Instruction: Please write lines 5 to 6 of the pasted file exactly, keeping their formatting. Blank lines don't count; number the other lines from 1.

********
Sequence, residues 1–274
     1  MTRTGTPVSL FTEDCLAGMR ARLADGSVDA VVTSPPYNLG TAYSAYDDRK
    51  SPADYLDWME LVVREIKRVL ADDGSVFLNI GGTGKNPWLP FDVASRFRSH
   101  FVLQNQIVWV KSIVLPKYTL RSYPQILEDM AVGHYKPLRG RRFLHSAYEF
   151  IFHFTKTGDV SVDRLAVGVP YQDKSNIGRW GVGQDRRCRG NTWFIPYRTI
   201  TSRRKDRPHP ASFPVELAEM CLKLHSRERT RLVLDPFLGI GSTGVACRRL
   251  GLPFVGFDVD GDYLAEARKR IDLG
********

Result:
   151  IFHFTKTGDV SVDRLAVGVP YQDKSNIGRW GVGQDRRCRG NTWFIPYRTI
   201  TSRRKDRPHP ASFPVELAEM CLKLHSRERT RLVLDPFLGI GSTGVACRRL